The Spanish presidency of the EU is also pushing for a European plan on electric cars. The European Commission is working on a wider strategy to support clean and energy efficient vehicles. Its strategy, due to be published on 20 April, will set out an action plan for decarbonising the transport sector.

http://planetark.org/wen/57485

French Study Says Land Use May Cut Biofuel Benefits
Date: 09-Apr-10
Country:
 FRANCE
Author:
 Gus Trompiz

Changes in land use linked to the growing of crops like soybeans and palm oil may cancel out the benefits of biofuels in terms of emissions savings, according to an official French study released on Thursday.
Biofuels may even have a worse emissions profile than traditional fossil fuels, said the authors of the study commissioned by French energy and environment agency Ademe.
Factors such as the clearing of forests to grow crops could cut the emissions benefits of both non-European biofuel production, and also output in Europe through the indirect effect of importing biofuel components, they said.
Critics of the current generation of biofuels, made using grains, sugar or oilseeds, say they encourage environmentally damaging land clearance. This issue has also been raised by the European Commission in its own analysis.
"The significance of these effects ... warrants further work in order to establish how to take into account land use changes in the (emissions) balances of products made with agricultural raw materials," the French study said.
In an updated version of a study first released in October, the authors reiterated substantial emissions savings from biofuels versus standard fuels when land-use changes are not measured, with savings ranging from 24 percent to 91 percent.

http://planetark.org/wen/57493

Ontario Announces New Phase Of Green-Energy Push
Date: 09-Apr-10
Country:
 CANADA
Author:
 REUTERS

Ontario announced 184 contracts for green energy projects on Thursday that it says will lead to thousands of jobs and billions of dollars of investment in Canada's most populous province and top energy consumer.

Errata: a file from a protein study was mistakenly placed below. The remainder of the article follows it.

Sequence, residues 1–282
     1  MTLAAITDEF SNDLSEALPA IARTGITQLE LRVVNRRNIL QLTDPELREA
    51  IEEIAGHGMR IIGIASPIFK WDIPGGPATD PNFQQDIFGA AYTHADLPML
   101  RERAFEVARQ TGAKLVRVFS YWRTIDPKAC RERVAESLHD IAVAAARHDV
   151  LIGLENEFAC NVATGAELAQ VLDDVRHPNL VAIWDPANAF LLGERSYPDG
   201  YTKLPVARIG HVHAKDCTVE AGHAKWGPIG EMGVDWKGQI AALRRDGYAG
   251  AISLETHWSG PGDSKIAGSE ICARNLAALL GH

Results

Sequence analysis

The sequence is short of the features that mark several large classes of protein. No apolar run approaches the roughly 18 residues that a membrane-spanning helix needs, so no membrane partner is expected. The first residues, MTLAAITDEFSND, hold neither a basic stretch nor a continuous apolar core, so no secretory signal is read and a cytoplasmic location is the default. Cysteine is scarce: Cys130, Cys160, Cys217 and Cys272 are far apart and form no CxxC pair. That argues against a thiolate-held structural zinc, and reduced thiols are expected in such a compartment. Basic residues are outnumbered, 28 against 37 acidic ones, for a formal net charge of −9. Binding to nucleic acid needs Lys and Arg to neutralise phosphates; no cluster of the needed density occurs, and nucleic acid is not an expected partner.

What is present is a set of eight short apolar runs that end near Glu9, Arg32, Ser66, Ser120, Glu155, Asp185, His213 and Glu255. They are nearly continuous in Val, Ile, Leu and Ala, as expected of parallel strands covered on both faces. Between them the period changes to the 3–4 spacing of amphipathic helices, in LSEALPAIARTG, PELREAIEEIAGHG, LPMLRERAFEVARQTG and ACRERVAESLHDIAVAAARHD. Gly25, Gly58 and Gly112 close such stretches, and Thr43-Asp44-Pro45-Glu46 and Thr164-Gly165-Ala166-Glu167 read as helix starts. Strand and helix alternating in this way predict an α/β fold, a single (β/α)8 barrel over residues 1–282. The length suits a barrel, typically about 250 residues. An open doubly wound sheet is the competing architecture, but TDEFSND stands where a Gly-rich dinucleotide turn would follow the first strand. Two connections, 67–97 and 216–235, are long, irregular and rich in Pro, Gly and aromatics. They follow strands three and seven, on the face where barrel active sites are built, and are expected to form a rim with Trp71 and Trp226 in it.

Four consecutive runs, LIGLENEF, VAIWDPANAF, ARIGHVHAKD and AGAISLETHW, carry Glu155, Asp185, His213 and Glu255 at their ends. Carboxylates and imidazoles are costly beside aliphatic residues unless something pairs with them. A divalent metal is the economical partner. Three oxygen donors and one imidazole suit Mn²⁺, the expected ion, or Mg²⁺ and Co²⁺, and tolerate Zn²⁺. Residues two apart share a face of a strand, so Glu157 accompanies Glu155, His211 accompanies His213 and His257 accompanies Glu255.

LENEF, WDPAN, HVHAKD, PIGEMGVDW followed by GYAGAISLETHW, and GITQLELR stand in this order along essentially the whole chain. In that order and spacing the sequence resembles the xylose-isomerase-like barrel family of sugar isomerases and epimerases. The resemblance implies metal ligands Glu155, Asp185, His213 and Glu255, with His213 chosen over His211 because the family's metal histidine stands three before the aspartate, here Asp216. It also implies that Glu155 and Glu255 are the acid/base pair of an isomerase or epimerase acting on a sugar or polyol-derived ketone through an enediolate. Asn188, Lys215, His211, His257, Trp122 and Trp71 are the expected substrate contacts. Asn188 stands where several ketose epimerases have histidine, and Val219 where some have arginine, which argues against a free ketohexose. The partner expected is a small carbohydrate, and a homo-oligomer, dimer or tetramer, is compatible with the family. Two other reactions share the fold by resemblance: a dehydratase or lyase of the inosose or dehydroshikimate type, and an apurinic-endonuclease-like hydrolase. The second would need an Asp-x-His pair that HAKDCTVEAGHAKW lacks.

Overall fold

When completed, the solar, wind, water and biofuel projects will power 600,000 homes, generating more than 2,500 megawatts of electricity, the provincial government said.
The contracts announced on Thursday are in addition to 510 "medium-sized" green projects already awarded by the government earlier this year.
"This is the big one," Brad Duguid, minister of energy and infrastructure, said of the latest announcement. "This is the 2,500 megawatts that's coming on line."
The two sets of projects will generate 20,000 direct and indirect green jobs and attract about C$9 billion ($8.9 billion) in private sector investment, as well as investment in new Ontario-based manufacturing, Duguid said.
Ontario plans to phase out all its coal-fired power stations by 2014 and replace them with cleaner energy sources.
Last October, it unveiled the most generous set of feed-in tariffs in North America to attract green energy projects and the manufacture of green energy equipment.
The incentives, part of the province's Green Energy Act, guarantee sellers of renewable power fixed, above-market prices for 20 years to feed their production into the electricity grid.
Some critics have complained that moving away from cheap coal power will add too much to the price of electricity.
"There is a higher cost to green energy," Duguid said in an interview. "It's not huge, but it's something that I think our generation is willing to accept because this gives us an opportunity to provide a cleaner environment and healthier lifestyle for our kids and grandkids and generate a green economy that is going to generate jobs for the future."
So far this year, two prominent green energy players -- South Korea's Samsung C&T Corp and Germany's Bosch Solar Energy AG -- have said they will set up manufacturing facilities in the province, and the government said it expects more to follow. ($1=$1.01 Canadian)


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China overtakes US in green investment: study

AFP, 24 March 2010 - China has surpassed the United States as the top investor in clean energy with the rising Asian power becoming a "powerhouse" in the emerging field, a study by environmentalists said.

The report said that China has shown determination to be on the frontline of green technology, while US investors have been put off by uncertainties amid the legislative battle on climate change.

Chinese investment in clean energy soared by more than 50 percent in 2009 to reach 34.6 billion dollars, far more than any other country in the Group of 20 major economies, the study led by the Pew Charitable Trusts said.

Total US investment was about half that at 18.6 billion dollars, the first time in five years that the world's largest economy lost the top spot in clean energy, the study said.

"China is emerging as the world's clean energy powerhouse," Phyllis Cuttino, global warming campaign director of the Pew Environment Group, told reporters on a conference call.

"This represents a dramatic growth when you consider that just five years ago their investment totaled 2.5 billion dollars," she said.